Foot Care Intervention for Older People With Dementia: A Scoping Review

Abstract

Background: Foot care is important for maintaining walking function in the older people with dementia. However, the effect of foot care intervention on older people with dementia has not been fully clarified. Method: A scoping review was conducted according to the Japanese version of PRISMA-ScR. The eligibility criteria were (1) targeting elderly people with dementia, (2) foot intervention, and the exclusion criteria were (1) case reports and (2) conference presentations. From PubMed, Embase, CINAHL, Cochrane, Central Medical Journal, search terms "# 1 (foot care) etc., # 2 (dementia) etc." were searched. Accepted English and Japanese papers. Result: 7 documents were analyzed. The implementation countries were Japan 5 cases and Australia 2 cases. There were 3 and 2 studies with multiple reports in the same participants. Foot care interventions were foot assessment, foot bath, and foot massage. Intervention outcomes reported confirmation of foot lesions, reduction of edema, emotional response to foot care decreased systolic blood pressure, and decreased alertness. Conclusion: Foot lesions were also found in people with dementia, and it was speculated that foot care intervention would be effective. Moreover, it is expected to have an effect not only on the physical aspect but also on the psychological well-being. On the other hand, there are few studies that intervened in people with dementia as foot care, and it is necessary to continue to pursue it in order to build evidence.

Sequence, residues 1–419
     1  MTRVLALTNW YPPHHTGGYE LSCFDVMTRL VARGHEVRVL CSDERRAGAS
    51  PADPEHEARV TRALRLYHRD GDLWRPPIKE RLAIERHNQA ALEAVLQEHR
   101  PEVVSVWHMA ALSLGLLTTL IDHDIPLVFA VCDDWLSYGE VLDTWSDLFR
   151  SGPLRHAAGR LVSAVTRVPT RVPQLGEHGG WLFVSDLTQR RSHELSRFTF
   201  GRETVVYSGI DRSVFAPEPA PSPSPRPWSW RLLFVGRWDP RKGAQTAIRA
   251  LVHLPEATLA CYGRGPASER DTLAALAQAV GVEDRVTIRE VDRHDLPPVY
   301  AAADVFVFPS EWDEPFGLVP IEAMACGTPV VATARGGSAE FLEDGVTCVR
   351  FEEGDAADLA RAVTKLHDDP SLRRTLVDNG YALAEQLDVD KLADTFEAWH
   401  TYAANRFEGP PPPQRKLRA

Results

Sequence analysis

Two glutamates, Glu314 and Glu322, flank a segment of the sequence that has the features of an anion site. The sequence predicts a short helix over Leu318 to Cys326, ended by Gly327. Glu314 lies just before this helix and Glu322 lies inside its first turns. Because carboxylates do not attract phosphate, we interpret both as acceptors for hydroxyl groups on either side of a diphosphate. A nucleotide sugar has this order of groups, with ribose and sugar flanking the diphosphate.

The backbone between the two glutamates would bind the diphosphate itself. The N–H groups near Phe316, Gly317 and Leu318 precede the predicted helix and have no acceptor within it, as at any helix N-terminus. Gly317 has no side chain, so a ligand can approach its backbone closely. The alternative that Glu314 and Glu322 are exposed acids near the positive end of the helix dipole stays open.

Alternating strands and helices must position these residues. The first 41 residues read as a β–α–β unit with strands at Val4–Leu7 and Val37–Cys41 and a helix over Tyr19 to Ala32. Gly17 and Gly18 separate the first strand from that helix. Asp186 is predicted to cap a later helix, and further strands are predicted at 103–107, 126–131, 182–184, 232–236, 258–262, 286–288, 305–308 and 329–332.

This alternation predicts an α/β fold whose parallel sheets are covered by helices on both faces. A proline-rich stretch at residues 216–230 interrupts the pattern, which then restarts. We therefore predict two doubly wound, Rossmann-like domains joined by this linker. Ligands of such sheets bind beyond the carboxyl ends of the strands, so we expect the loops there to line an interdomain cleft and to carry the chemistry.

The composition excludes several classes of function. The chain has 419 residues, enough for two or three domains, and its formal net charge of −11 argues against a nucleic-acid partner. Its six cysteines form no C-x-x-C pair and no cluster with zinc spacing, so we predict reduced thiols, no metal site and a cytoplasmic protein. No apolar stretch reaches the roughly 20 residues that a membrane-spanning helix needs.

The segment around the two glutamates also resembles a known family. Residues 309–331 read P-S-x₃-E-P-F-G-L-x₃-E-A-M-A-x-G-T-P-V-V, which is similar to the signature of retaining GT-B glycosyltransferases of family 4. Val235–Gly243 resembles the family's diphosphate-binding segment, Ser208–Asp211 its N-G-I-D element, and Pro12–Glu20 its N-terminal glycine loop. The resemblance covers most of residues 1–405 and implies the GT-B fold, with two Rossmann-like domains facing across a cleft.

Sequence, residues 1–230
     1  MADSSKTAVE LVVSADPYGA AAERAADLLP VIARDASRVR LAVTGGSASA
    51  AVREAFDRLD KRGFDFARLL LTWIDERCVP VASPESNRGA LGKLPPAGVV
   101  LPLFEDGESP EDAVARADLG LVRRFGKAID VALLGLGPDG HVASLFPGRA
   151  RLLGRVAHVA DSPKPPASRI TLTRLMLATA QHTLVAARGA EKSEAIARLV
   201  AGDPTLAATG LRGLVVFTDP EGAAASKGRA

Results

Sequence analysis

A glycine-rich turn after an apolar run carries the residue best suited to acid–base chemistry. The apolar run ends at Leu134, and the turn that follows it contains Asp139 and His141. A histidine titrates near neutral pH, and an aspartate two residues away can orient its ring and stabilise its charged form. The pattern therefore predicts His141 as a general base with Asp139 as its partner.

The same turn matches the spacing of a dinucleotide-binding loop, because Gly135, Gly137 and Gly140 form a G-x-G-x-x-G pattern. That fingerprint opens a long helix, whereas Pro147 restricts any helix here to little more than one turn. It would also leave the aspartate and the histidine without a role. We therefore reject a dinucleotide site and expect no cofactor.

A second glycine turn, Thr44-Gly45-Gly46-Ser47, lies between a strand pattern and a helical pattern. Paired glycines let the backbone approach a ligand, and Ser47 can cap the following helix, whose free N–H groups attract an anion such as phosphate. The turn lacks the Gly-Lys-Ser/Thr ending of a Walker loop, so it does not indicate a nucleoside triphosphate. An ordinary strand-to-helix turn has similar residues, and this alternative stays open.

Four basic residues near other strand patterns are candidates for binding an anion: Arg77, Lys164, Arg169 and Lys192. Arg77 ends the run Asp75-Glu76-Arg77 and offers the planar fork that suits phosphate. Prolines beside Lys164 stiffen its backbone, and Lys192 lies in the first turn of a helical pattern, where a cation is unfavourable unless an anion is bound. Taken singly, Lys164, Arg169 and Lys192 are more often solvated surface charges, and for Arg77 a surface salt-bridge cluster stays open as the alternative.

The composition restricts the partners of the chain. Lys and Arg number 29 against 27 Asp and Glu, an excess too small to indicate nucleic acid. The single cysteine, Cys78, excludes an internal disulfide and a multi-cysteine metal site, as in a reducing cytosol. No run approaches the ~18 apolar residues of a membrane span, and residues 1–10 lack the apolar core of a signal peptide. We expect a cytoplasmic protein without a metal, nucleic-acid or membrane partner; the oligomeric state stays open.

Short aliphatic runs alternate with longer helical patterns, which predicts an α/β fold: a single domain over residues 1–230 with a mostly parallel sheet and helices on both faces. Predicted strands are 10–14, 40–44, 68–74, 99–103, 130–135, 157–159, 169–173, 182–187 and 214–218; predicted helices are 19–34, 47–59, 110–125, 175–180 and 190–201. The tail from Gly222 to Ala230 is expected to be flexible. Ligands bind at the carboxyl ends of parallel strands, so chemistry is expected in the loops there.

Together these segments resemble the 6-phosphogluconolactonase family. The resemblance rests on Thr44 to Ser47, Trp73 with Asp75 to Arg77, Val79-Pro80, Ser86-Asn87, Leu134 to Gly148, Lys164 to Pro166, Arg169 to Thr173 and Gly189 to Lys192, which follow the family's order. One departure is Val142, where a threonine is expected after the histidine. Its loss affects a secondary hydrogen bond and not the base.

Author Information
Shin Otomo, St. Luke's International University, Japan

Paper Information
Conference: AGen2022
Stream: Lifespan Health Promotion

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